Over 88% of Santa Barbara home buyers start their research online. It is important to realize that the agent you pick to represent you be tech savvy, and have a good handle on the uses of the internet as it relates to buyers in this market.
What I find my buyers are up against in this market is the understanding of how foreclosures, short sales, and bank owned properties work.
Understand that the “short sale” is a seller owned home who is trying to negotiate with his bank to bring them a buyer at less than what they owe on the property. The first step is for the buyer and seller to agree on a purchase price and complete their transaction. Then the seller submits this to his bank and they may or may not accept your offer; they may counter it, or just refuse it. This can take approximately 30 days with a well run short sale department, but can be quite lengthy with an bank overburdened by these sales. It gets more complicated if there is a second loan on the property. The second loan also want to get paid, and if the first loan is not offering them a sufficient amount, the second may refuse to cooperate with the sale. If the seller or buyer (by putting in more money for the second) does not remedy the situation with his second loan, your purchase agreement may fall apart. This then becomes the an issue between the seller and his bank whether it will go to foreclosure and auction and ultimately end up owned by the bank.
For the REO or Bank Owned Property, these properties have already gone through the Notice of Default and Foreclosure and Auction process. The trustee has then deeded the property back to the bank, (if not purchased at auction) who prepares to put it back on the market with the local realtors. This can take quite a while, as the banks are working on the inventory they already possess, and it goes to the bottom of the pile. Each bank is different as to how they handle their foreclosures. Bank of America has a software program developed for bank owned properties, and everything is done through that program by the realtors.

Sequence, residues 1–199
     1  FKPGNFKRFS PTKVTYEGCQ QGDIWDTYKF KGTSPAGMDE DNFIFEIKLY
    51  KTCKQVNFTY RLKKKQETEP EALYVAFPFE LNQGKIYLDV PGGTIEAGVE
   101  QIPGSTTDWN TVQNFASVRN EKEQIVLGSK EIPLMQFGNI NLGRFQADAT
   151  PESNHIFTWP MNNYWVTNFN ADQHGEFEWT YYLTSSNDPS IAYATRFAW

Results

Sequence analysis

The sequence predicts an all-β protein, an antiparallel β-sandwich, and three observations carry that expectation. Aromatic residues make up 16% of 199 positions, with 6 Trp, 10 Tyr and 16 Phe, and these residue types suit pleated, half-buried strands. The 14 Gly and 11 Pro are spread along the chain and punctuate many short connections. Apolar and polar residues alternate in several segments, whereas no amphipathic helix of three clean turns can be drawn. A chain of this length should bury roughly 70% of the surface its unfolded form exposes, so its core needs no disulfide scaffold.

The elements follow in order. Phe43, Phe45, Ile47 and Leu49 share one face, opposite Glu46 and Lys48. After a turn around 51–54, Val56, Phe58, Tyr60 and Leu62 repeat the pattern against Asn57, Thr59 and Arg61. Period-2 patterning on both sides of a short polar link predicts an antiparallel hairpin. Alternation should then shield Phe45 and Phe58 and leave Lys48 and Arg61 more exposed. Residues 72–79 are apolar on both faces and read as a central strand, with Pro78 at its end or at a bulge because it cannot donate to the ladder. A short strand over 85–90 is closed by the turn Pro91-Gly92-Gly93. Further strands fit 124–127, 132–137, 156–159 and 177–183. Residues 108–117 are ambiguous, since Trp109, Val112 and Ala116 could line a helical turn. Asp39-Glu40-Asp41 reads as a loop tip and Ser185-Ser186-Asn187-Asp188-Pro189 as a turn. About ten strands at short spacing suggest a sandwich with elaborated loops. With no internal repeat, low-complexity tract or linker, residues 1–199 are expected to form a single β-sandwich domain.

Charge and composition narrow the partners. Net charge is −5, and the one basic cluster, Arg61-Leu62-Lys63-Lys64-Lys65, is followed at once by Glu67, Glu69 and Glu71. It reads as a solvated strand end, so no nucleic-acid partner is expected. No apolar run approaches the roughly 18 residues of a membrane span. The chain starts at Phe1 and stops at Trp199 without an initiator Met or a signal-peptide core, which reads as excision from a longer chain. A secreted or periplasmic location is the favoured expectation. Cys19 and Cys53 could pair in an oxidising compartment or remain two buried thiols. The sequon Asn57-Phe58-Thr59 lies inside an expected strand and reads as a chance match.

But once it does hit the market, the activity in most cases can be quite vigorous. Multiple offers are not uncommon with these listings. Note that most of the bank owned properties are going to want the buyer to prequalify with their chosen bank and get a letter from them. It doesn’t mean you can’t use your chosen lender, but it is a requirement to submit your offer. In any case, in ALL offers, you must have spoken with your lender and have them ready to provide you with a prequalification letter on the property you choose to make an offer on. In all offers you will be required to show “proof of funds” for your down payment, and many lenders are also requiring 3-6 months of reserves in cash in your account. Check with your lender on those requirements.
My website at www.barbarareaume.com has a great variety of resources for your buyer questions, and I am always available to share that information with you by email at Barbara@barbarareaume.com or by phone at 805-610-5403.